Black Elephants's Reviews > Out

Out by Natsuo Kirino
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Feb 17, 09

bookshelves: fiction
Read in March, 2007

** spoiler alert ** I was very disturbed by this book, and its A Clockwork Orange take on the world. It starts out as a run-of-the-mill mystery wherein a wife kills her husband and her friends help her dismember the body. From there, Kirino takes the reader into a story about love—the Romeo and Juliet kind—and the modern person's search to penetrate a personal solitude that is created by their disappointment in society.

No one is fulfilled in this novel not even by death, and this comes no more clearly than through Kirino's Romeo and Juliet: Satake and Masako. Satake is in love with Masako because he sees in her the same fire he killed 17 years earlier. As a youth, he tortured a woman to death in the most pure moment of ecstasy he's ever known and has yet to re-experience. That is until he meets Masako. By hating the woman, Satake can love her. By killing her, he can grow closer to her. By making love to her in her dying, he can penetrate all barriers that exist between humans. It's really twisted.

Masako is a middle-aged, broken down woman who finds herself anchoring her 3 friends in a murder cover-up. Her resourcefulness, which was never used at her job because intelligence in a woman is frightening, comes in handy. Unfortunately, it also eventually pushes her even farther from other human contact. But she's stubborn, hard and not shaken by the brutalities of this cold world, and to Satake, this makes her his mirror image to hate, deride, kill and love.

But that's only the end; god, the end was disturbing. Kirino, like many of the Japanese writers I've read, paints a bleak world where so many things—family, work, sex, death—is mechanical. The 4 women cut up corpses and throw them out with the trash. (It's what happens to every human being eventually, whether we like to think it or not.) In Kirino's modern world, women are toys, men are drones, foreigners are foreigners, and even the relationship between mother and children is broken. Masako's son won't speak to her. Yoshie's daughters use her, and Yayoi's children don't trust her. Youth seems to be the only protection from this disillusionment, but few of Japan's youth or those who appear young in Kirino's book, are uncorrupted, and in the end, it seems the only "good" character is of polluted blood (Japanese-Brazilian). There, he is automatically a derided outsider.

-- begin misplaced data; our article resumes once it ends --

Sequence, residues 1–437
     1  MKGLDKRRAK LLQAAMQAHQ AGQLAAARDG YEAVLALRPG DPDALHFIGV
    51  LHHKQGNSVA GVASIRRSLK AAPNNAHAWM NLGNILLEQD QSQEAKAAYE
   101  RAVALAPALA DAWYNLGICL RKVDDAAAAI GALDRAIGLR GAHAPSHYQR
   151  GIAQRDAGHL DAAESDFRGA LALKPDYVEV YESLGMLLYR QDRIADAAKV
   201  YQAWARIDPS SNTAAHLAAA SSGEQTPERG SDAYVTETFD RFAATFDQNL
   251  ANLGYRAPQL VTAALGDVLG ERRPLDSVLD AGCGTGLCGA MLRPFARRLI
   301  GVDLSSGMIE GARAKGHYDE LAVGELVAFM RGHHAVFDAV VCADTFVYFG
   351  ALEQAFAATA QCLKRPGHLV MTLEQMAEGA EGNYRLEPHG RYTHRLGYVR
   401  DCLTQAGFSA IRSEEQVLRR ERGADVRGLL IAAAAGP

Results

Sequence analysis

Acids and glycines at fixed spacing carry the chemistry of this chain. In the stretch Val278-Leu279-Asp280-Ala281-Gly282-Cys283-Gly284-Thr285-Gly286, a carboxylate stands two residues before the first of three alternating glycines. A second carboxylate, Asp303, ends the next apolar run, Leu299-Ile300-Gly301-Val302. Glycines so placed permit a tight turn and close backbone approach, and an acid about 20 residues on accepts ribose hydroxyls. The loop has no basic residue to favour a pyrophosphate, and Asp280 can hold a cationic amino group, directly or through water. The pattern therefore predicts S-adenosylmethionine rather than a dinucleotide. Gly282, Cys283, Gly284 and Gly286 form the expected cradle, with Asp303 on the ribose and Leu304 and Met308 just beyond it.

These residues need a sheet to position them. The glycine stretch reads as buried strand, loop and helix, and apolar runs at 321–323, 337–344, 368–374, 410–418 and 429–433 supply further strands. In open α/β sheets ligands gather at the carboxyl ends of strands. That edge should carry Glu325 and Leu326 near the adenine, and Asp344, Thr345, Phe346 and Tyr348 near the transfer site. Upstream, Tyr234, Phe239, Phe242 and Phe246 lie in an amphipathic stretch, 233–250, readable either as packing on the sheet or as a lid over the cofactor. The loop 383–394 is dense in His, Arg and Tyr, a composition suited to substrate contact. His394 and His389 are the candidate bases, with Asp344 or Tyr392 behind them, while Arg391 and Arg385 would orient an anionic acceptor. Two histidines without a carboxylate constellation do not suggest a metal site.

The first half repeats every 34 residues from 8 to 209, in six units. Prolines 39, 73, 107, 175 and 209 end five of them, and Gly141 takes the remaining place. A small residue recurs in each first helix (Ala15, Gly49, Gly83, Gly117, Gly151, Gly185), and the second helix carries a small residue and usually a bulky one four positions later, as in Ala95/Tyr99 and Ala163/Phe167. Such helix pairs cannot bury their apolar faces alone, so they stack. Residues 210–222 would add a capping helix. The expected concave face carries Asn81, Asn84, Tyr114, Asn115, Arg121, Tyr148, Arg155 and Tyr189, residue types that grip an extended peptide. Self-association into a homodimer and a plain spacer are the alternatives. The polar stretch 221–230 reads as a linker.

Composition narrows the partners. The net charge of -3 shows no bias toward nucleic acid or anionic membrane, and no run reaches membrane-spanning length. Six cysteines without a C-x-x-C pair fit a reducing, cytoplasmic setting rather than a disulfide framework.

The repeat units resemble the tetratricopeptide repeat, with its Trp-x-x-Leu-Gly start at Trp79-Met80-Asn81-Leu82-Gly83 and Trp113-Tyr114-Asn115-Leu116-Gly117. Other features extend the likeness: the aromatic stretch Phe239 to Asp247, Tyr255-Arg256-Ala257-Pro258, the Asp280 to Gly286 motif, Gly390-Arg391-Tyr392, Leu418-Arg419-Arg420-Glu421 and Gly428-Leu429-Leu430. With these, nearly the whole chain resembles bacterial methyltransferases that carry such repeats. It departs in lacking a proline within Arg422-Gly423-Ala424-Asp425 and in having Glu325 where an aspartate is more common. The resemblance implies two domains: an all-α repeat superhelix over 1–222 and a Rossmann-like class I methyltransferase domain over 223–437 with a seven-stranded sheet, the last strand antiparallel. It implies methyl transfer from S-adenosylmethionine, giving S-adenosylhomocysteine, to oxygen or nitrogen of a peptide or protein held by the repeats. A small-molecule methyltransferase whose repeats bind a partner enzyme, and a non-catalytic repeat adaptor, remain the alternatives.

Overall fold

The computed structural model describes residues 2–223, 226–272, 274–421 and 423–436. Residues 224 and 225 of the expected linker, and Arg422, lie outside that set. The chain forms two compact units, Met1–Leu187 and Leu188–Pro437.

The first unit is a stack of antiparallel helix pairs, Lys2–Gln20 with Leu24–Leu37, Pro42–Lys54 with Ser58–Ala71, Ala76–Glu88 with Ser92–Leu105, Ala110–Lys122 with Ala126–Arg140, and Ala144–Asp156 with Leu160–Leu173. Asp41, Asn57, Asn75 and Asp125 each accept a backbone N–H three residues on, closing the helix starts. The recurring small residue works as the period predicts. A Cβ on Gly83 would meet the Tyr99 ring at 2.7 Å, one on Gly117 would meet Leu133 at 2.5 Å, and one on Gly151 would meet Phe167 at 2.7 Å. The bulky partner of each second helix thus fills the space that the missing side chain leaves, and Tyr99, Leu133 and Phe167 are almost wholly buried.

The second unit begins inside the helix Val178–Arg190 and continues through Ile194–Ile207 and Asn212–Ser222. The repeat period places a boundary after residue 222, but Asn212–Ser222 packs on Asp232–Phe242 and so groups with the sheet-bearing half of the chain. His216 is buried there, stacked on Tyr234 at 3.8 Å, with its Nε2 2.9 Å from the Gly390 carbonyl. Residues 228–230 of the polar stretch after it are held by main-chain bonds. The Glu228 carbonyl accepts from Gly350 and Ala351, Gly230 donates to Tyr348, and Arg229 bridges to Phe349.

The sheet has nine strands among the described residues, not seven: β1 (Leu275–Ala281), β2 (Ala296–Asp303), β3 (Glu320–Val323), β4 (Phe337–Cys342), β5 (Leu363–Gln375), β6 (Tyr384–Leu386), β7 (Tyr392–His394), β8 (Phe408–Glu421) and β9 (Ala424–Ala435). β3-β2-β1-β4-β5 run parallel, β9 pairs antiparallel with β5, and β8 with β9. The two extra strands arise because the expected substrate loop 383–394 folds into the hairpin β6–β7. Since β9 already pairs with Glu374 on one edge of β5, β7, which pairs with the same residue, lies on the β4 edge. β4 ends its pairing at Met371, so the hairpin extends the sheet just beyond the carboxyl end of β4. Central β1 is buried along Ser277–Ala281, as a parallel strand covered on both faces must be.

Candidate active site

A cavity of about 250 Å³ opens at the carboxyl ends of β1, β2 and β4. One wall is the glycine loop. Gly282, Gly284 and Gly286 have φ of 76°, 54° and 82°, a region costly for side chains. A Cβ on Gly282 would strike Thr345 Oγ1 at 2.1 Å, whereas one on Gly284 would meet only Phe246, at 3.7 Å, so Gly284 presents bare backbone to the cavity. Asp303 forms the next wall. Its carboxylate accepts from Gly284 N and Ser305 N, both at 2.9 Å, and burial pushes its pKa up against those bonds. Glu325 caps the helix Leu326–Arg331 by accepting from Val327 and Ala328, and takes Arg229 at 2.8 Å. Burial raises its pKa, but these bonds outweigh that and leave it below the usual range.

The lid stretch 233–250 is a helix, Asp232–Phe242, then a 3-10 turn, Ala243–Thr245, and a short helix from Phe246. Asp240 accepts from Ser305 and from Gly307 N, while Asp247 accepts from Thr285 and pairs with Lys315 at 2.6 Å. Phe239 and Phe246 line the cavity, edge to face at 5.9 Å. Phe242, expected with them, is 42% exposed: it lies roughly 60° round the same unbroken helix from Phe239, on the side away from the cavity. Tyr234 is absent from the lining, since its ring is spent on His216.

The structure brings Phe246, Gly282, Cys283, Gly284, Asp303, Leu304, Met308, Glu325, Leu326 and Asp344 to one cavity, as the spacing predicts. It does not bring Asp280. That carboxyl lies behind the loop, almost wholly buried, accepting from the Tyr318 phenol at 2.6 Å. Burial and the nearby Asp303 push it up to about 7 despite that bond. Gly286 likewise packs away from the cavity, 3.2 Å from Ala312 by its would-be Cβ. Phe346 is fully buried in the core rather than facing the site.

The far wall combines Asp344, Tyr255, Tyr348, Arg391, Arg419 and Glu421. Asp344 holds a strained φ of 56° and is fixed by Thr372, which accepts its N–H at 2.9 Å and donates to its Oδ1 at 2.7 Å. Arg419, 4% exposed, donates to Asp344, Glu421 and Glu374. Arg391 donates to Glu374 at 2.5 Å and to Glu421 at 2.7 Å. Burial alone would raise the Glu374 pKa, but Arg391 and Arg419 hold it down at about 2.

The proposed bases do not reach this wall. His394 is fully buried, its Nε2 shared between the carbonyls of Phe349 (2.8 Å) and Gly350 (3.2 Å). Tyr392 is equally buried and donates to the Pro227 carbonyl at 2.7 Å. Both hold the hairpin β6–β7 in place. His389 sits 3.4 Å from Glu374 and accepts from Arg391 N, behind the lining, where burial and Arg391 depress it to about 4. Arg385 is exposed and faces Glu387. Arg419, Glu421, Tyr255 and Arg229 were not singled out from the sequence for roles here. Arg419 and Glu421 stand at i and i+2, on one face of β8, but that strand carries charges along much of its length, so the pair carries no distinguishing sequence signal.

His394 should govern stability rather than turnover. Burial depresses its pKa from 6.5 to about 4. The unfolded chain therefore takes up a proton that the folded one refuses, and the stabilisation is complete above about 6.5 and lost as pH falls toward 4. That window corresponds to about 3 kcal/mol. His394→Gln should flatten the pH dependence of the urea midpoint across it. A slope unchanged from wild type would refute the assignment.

But what was most disturbing to me was how this murder novel was actually a love story in disguise. It is narrates a rite of passage for a character that has been trapped in the mire of despair and maybe might escape it despite the horrifying, inhuman costs. (Although, I started praying that nothing would happen to Masako despite what she's done.)

Also, I've only ever read two novels that have made me physically sick. One of them is Out, which goes into dismemberment, rape, physical abuse, murder and stalking. The other is Haruki Murakami's The Wind-up Bird Chronicles, which contains a interesting description of a human being skinned alive.


To the ignorant: Japan is not all about the wide-eye magical, manga girls.

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